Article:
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A's prepared to let Tejada walk

Compiled from Times wires

© St. Petersburg Times, published March 16, 2003

PHOENIX -- The Athletics will not offer Miguel Tejada a multiyear contract to remain with the team after this season, owner Steve Schott said Saturday, claiming the A's can't afford to keep the AL MVP.

Schott said Oakland would not negotiate with the star shortstop, which Tejada was hoping to do during spring training. He wants a long-term contract and the A's can't offer that, Schott said.

Tejada's agents have asked the team to make an offer first. He can become a free agent after this season.

"I just think the world of him," Schott said. "The problem is there's absolutely no way we can sign Miguel to a long-term contract. The system is broken down when only two or three teams can pick up a player of Miguel's caliber and sign him to an eight- to 10-year contract and pay him the money he deserves. This small-market team with the system we have just can't afford him."

After announcing the decision, Schott took Tejada aside to break the news. Tejada said he understood Schott's position and the conversation went well.

NO VIOLENCE: The Mets and Dodgers were perfect guests.

Leaving their feud back home, they opened a two-game visit to Mexico City in far more subdued fashion than they left Wednesday's flareup in Florida, playing a brawl-free slugfest that New York won 16-11 in 11 innings.

"This series is more important to the overall scope of baseball in general than to two teams going at each other trying to settle a score," said Mets pitcher David Cone, who gave up six runs in 21/3 innings in his worst spring start.

A-ROD NOT CONCERNED: Rangers shortstop Alex Rodriguez is "very optimistic" that he will recover quickly from a small herniated disc in his neck.

Rodriguez, facing his worst injury since joining the Rangers in December 2000, plans to be in the lineup opening day at Anaheim on March 30.

EPHEDRA CONTROVERSY: Officials have made no decision on whether to ask for a ban on ephedra in the major leagues, commissioner Bud Selig said. He said officials have received the toxicology report linking ephedra to the death of Orioles pitcher Steve Bechler this spring.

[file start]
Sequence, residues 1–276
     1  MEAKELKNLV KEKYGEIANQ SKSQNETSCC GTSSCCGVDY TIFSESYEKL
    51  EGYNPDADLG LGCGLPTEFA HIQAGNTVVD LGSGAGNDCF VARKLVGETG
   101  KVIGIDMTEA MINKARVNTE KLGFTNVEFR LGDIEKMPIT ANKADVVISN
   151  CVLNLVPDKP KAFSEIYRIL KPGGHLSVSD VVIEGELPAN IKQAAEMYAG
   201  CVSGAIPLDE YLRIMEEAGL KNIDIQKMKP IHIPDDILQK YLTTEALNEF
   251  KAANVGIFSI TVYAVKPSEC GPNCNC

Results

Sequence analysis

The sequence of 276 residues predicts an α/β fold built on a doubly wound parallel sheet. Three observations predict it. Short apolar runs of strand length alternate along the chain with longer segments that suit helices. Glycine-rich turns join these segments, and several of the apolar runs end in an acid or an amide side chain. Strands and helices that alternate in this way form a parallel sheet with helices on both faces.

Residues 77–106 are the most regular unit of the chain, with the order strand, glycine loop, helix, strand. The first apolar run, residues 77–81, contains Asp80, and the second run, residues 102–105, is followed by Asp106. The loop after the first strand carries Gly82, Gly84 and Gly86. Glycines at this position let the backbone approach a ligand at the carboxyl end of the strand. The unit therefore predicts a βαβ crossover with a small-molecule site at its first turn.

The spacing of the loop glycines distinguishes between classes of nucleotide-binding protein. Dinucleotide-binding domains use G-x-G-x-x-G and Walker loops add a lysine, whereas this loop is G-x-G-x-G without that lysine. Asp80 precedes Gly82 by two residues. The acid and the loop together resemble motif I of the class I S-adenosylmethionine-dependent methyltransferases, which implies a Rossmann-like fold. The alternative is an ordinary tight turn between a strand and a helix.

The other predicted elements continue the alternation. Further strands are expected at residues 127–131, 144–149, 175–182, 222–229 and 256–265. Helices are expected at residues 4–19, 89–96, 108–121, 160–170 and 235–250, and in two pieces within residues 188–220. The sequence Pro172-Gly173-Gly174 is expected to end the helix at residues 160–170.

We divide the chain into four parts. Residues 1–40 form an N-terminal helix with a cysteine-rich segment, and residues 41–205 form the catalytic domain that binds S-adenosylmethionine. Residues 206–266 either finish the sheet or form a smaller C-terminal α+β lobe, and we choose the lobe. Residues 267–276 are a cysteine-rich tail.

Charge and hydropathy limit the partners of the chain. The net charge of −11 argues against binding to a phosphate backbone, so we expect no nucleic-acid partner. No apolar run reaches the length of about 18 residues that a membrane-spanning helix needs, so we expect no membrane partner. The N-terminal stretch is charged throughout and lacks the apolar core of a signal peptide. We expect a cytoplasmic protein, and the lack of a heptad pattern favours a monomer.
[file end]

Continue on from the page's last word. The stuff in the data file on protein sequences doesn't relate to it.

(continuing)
CARDINALS: Rightfielder J.D. Drew, recuperating from offseason knee surgery, took batting practice for the first time. ... Centerfielder Jim Edmonds, out since March 7 with a calf injury, reported improvement and hopes to get into some games before the season opener.

MARINERS: Reliever Norm Charlton was reassigned to minor-league camp. The left-hander is scheduled to have surgery Monday to repair a torn anterior capsule on the front of his pitching shoulder.

MARLINS: Right-hander A.J. Burnett was removed in the third as a precaution after walking the Orioles' Gary Matthews with two outs. Burnett felt tightness in his right forearm and was to be re-evaluated.

TIGERS: Left-hander Steve Avery, trying to revive his career after two years out of baseball, pitched two scoreless innings against the Braves, his former team. "I've been pitching since mid December and I haven't gotten tired yet," Avery said. "You don't know what a great feeling that is, compared to where I was when I quit."

TWINS: Left-hander Kenny Rogers faced hitters for the first time since signing a one-year, $2-million contract Thursday, throwing 25 pitches in two innings against Orioles minor-leaguers.

WHITE SOX: Right-hander Danny Wright played catch for 15 minutes and felt no pain in his injured elbow. Wright, the projected No. 4 starter, threw for the first time in 10 days and hopes to be ready by opening day.

OBITUARY: Al Gionfriddo, the Brooklyn Dodgers outfielder who robbed Joe DiMaggio of a tying home run in the 1947 World Series, died Friday in Solvang, Calif. He was 81. Mr. Gionfriddo was playing golf at Solvang's Alisal course when he collapsed on the fifth green, according to the Santa Barbara News-Press.

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